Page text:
Meet Dessi Sieburth, 2015 ABA Young Birder of the Year

Meet Dessi Sieburth, 2015 ABA Young Birder of the Year

Do you never leave the house without your binoculars?  Stretch and grow your birding skills under the guidance of some of the most respected birders in North America and have a lot of fun in the process–enter the 2016 ABA Young Birder of the Year (YBY) Contest!
Registration is open for the 2016 contest now! In the meanwhile, read on to learn about one of the 2015 contest winners, Dessi Sieburth.

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Q: Were you a birder before you started the ABA Young Birder of the Year contest? How long have you been birding? How old were you when you began birding?
A: Yes, I have been birding for 4 years. I started when I was 8 years old. I got interested in birding when I was a Cub Scout. I made a bird feeder as a woodworking project. I put the feeder up in my yard and started identifying birds with a simple field guide. I got hooked on birding when a Western Scrub-Jay landed on the feeder.
Q: Did you have a mentor who encouraged you?
Yes, I have had several mentors. One of them is Kimball Garrett, ornithologist and collections manager at the Natural History Museum of Los Angeles. I first met him when I was eight years old. I was birding at a park and I noticed a birder looking through a scope. I took out my field guide to identify a Surf Scoter. Then the birder said, “I wrote that book!” I was very surprised, and sure enough, his photo was on the back of the field guide! He let me look through his spotting scope, and showed me my lifer Violet-green Swallow. Since then, Kimball Garrett and I have been birding many times, and he invited me to see the bird collections at the Natural History Museum. He even let me sketch a Pileated Woodpecker and an American Redstart from the collection. He told me about the Pasadena Audubon Society, and I became a member soon after. I have had several mentors from Pasadena Audubon. They have been very supportive teaching me about birds and conservation and they have also taken me birding to many places in Los Angeles. The Pasadena Audubon Society given me and three other members a grant to make bluebird nest boxes. Pasadena Audubon Society and Los Angeles Audubon Society also allowed me to give presentations at their meetings and publish articles about conservation in their newsletter.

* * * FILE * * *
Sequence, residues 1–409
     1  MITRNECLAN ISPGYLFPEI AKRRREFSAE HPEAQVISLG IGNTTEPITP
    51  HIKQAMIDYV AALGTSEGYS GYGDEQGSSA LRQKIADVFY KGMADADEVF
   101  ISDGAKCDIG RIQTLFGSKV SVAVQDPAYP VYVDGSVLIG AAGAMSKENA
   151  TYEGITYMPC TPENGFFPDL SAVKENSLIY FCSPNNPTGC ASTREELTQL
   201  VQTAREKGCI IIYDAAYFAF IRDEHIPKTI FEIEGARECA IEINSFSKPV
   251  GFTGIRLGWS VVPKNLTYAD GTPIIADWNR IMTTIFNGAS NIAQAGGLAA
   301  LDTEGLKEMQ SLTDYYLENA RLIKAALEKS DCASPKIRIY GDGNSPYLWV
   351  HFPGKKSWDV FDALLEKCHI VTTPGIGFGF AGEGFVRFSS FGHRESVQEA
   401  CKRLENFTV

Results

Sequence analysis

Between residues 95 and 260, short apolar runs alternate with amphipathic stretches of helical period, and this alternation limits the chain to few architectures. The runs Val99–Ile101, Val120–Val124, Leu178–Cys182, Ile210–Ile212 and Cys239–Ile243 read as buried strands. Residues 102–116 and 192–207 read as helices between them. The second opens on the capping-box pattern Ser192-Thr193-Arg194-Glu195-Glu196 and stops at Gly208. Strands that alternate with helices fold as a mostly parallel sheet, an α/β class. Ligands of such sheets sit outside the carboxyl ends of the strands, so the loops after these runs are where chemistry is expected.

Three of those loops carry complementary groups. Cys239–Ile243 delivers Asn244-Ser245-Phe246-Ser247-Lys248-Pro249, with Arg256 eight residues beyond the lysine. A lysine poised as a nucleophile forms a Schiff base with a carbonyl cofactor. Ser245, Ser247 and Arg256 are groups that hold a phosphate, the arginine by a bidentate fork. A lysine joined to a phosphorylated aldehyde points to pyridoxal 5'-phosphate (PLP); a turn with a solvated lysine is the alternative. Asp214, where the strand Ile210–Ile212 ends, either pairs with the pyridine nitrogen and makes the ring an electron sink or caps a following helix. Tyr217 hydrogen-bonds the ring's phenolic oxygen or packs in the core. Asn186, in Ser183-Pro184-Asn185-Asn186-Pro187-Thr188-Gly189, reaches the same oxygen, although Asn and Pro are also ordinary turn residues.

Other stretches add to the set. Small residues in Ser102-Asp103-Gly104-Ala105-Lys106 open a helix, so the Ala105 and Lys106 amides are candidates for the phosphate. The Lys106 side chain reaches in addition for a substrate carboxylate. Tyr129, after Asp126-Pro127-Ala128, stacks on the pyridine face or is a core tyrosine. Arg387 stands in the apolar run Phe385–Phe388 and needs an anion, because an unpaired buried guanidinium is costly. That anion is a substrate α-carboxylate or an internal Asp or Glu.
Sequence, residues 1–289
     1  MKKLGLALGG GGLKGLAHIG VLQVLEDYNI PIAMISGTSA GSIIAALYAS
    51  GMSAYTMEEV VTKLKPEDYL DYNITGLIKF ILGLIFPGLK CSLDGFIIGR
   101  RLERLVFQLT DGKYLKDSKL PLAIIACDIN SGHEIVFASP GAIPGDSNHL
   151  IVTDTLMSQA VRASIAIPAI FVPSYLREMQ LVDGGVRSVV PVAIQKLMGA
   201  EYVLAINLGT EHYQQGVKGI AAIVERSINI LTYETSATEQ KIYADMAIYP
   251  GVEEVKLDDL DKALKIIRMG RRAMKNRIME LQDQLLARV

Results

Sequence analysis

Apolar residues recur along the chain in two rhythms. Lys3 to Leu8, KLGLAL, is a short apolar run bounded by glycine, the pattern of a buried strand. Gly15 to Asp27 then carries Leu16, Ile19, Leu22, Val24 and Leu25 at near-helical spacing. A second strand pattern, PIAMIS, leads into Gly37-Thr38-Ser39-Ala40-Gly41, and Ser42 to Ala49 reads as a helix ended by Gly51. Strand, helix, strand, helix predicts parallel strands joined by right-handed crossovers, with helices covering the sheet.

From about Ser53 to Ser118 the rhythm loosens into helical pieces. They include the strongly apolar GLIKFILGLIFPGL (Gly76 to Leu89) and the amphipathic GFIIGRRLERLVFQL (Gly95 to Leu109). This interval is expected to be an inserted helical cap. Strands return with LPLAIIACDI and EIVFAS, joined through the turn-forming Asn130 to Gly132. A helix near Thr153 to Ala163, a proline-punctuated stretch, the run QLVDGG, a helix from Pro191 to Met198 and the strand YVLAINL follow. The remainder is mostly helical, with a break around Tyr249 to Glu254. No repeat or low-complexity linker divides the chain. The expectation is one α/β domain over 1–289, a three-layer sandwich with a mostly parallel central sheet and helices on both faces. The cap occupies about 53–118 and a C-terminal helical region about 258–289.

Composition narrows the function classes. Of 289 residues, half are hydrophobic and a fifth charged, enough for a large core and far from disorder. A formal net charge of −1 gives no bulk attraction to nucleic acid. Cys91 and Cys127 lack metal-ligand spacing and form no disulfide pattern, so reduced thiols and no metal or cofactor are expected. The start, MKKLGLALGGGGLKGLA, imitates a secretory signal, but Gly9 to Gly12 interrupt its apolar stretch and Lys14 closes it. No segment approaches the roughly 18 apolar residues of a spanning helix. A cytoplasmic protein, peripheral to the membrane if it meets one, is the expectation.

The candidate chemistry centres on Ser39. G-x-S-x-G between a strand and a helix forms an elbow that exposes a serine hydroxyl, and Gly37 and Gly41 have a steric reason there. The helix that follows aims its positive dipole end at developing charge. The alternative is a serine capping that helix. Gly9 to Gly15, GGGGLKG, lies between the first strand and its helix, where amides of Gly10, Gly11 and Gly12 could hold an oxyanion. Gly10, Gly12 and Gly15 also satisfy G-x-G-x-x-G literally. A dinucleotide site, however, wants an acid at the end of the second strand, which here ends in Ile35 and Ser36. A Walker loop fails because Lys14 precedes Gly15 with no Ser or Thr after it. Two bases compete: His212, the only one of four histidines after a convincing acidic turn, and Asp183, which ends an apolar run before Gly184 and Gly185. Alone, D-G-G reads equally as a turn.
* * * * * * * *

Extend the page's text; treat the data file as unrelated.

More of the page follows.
Here, I am monitoring Bluebird nest boxes. I take the boxes down from a tree with a pole.

Here, I am monitoring Bluebird nest boxes. I take the boxes down from a tree with a pole.


Q: Did you already keep a field notebook, take photographs, and participate in conservation projects before the YBY contest?
A: I already kept a field notebook with sketches. I started drawing birds when I was eight. I was also actively involved in bird conservation projects before the contest. For example, I wrote an article about the California Condor in the Pasadena Audubon Society newsletter. I spoke to Senator De Leon about supporting AB 711, which is a bill that bans lead ammunition. Lead has been used by hunters and greatly harmed California Condors.
I also attended public meetings and wrote a letter about the importance of saving a local watershed to Los Angeles County officials. Another project I did was teaching elementary students about bird conservation and leading them on a bird walk for the Great Backyard Bird Count. I also like photographing birds and every year I make bird calendar. The Western Bluebird Project is one of my favorites. I started this project in 2013. I build nest boxes, hang them up, and monitor them weekly during nesting season.
Pied-billed Grebe photo from my 2015 annual bird calendar

Pied-billed Grebe photo from my 2015 annual bird calendar


Q: Tell us a bit about your experience over the course of the contest. What things did you especially enjoy? What parts were challenging? Were there requirements that you would add (or remove) if you were in charge of things?